6 Tips for Avoiding Holiday Heart Attacks - Wheaton Franciscan Healthcare

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6 Tips for Avoiding Holiday Heart Attacks

Good health and good cheer may not go hand in hand during the holidays. Overindulge in the “cheer,” and you could experience “holiday heart.”

Medical professionals see an increase in heart attacks surrounding Christmas and New Year’s activities.

Take these steps to have a happy heart:

  1. Don’t put off medical care. If you feel something isn’t right, seek medical help. “People tend to delay getting checked out or going to the doctor over the holidays,” said Peter Parrino, MD, Emergency Department Medical Director at Wheaton Franciscan – Midwest Spine and Orthopedic Hospital and Wisconsin Heart Hospital campus.
  2. Go easy on the toddies. “Alcohol is toxic, and if you overindulge, you may have heart rhythm issues that show up immediately or the next day,” said Dr. Parrino. Limit yourself to one or two drinks and have them earlier in the day. Go easy on the food, too.
  3. Leave superhero activities to the movies. Know your limits when shoveling, doing outdoor sports, moving heavy objects or other physical activities. Warm up before you get going, ask others for help, let family/friends know where you’ll be, and be aware of how your body feels.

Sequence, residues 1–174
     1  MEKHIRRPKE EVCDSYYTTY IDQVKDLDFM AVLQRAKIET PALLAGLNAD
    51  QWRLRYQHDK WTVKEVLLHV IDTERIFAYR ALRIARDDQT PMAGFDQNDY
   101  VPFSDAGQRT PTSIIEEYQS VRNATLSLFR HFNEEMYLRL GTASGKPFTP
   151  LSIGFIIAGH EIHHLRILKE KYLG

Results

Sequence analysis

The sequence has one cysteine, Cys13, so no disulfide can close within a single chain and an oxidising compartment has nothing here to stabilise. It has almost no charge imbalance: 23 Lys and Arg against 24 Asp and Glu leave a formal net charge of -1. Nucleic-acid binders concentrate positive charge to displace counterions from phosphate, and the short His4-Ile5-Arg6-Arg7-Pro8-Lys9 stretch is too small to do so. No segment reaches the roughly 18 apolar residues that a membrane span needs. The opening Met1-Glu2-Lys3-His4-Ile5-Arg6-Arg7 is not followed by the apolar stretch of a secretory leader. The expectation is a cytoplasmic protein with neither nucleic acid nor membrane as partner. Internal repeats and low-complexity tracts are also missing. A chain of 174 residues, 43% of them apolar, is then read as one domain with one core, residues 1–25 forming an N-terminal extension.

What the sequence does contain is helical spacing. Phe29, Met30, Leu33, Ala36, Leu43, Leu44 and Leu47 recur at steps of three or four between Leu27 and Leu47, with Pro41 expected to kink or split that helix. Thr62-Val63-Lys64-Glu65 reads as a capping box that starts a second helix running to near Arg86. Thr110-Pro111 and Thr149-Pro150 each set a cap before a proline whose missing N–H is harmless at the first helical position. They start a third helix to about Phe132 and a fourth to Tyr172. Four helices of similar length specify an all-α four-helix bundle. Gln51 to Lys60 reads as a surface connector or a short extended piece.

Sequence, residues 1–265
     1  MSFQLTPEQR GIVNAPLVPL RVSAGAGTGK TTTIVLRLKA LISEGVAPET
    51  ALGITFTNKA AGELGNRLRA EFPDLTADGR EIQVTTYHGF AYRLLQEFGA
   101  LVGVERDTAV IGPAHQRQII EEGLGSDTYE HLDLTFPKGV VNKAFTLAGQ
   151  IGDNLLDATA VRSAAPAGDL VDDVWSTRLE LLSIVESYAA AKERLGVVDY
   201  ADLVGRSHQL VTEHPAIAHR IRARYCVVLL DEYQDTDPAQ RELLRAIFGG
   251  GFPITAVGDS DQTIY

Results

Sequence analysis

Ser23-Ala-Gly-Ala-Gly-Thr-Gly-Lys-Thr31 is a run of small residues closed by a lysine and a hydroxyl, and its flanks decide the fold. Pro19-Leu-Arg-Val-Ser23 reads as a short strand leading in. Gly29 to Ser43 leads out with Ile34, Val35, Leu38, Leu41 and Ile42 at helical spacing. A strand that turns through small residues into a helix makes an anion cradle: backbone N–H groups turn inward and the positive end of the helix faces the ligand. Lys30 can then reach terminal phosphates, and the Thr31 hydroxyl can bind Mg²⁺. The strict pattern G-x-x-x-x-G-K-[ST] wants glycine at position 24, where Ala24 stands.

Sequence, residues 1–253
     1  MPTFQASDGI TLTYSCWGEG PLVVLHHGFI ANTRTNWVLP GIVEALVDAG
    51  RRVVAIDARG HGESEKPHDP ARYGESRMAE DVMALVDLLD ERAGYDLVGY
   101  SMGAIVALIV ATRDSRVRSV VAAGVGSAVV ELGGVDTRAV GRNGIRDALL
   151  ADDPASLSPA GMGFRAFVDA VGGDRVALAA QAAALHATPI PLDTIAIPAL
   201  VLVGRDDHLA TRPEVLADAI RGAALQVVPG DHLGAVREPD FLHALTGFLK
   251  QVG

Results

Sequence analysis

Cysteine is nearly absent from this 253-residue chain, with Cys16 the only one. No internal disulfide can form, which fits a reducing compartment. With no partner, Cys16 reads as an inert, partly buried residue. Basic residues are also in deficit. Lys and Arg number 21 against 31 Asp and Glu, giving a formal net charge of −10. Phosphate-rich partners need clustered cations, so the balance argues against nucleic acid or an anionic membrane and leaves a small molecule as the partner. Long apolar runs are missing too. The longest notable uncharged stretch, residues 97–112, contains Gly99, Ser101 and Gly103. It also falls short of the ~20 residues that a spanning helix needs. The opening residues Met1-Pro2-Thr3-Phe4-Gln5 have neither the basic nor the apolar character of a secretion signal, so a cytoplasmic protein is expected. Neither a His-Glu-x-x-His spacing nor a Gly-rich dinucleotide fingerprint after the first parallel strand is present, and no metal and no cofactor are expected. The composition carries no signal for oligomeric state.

4. Avoid chestnuts roasting on an open fire. Wood burning fireplaces, stoves and bonfires release small particles similar to cigarette smoke. Inhaling the smoke can affect your breathing and strain your heart. Keep your distance.
  5. Just breathe. Or pray, reflect or do anything relaxing. Managing stress is very important. The stress of the holidays – preparation, family dynamics, and schedules – can bring on a heart attack, according to Dr. Parrino. Take care of yourself while you’re taking care of others.
  6. Know the symptoms of a heart attack and be prepared to act. If you recognize the signs in yourself or others, call 911. Getting help early can be crucial in minimizing the damage to your heart and body.

Signs and symptoms may include:

      • Chest discomfort. Most often in the center of the chest and lasting more than a few minutes. May also go away and come back. Discomfort can feel like uncomfortable pressure, squeezing, fullness or pain.
      • Discomfort in other areas of the upper body. In one or both arms, the back, neck, jaw or stomach. 
      • Shortness of breath. May occur before, with or without chest discomfort. 
      • Other signs. Breaking out in a cold sweat, nausea or lightheadedness.

Women may experience a heart attack much differently and experience all or some of the following:

  • Chest discomfort, uncomfortable pressure, tightness, squeezing, and/or fullness. It may last for a few solid minutes or come and go.
  • Crushing chest pain
  • Pressure that spreads to jaw, neck, upper back, shoulders or arms.
  • Dizziness or nausea and vomiting
  • Stomach or abdominal pain  that may feel like indigestion
  • Shortness of breath / difficult breathing
  • Unexplained anxiety, fatigue or weakness - especially when active
  • Clammy sweating
  • Heart flutters
  • Pale skin

For more information about heart health, visit our Health Library.

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6 Tips for Avoiding Holiday Heart Attacks